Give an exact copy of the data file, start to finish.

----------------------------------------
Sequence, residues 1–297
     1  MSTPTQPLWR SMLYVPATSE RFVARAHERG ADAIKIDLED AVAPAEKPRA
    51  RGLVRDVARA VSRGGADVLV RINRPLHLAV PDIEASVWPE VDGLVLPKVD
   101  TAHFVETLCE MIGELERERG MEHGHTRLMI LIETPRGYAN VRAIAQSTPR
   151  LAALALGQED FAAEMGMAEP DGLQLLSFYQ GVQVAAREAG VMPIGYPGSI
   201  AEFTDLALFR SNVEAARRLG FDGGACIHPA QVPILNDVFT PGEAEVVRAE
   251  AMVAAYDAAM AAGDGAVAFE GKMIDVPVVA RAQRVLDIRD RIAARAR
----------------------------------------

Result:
Sequence, residues 1–297
     1  MSTPTQPLWR SMLYVPATSE RFVARAHERG ADAIKIDLED AVAPAEKPRA
    51  RGLVRDVARA VSRGGADVLV RINRPLHLAV PDIEASVWPE VDGLVLPKVD
   101  TAHFVETLCE MIGELERERG MEHGHTRLMI LIETPRGYAN VRAIAQSTPR
   151  LAALALGQED FAAEMGMAEP DGLQLLSFYQ GVQVAAREAG VMPIGYPGSI
   201  AEFTDLALFR SNVEAARRLG FDGGACIHPA QVPILNDVFT PGEAEVVRAE
   251  AMVAAYDAAM AAGDGAVAFE GKMIDVPVVA RAQRVLDIRD RIAARAR